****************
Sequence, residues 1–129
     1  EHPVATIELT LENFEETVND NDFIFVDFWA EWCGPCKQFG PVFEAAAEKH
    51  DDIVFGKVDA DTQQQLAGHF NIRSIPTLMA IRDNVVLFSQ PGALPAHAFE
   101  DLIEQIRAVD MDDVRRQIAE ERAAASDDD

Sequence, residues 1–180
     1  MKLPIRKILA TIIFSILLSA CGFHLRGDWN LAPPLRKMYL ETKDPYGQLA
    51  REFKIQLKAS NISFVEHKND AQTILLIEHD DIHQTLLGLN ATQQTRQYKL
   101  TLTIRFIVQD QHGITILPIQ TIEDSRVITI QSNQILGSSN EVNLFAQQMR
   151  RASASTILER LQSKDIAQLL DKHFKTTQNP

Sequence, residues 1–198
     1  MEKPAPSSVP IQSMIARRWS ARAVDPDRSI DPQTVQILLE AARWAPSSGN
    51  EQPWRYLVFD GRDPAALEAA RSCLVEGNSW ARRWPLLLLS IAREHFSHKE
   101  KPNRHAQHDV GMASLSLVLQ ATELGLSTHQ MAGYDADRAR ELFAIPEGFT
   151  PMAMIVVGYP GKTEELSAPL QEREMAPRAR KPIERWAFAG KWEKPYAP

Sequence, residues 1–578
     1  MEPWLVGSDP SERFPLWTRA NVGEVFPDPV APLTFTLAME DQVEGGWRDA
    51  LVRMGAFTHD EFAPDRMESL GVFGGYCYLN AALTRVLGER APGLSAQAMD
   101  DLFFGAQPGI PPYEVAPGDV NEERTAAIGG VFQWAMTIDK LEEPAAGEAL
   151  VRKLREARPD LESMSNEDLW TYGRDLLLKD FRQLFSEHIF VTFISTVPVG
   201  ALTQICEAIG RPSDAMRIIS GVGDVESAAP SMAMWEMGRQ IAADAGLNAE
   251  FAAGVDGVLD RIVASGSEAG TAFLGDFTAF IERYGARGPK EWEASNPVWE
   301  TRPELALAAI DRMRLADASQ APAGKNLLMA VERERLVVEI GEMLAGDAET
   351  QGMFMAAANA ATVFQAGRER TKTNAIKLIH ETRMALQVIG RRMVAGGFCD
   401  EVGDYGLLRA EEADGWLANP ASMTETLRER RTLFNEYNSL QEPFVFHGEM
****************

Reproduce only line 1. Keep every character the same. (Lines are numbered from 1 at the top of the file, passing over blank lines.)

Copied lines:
Sequence, residues 1–129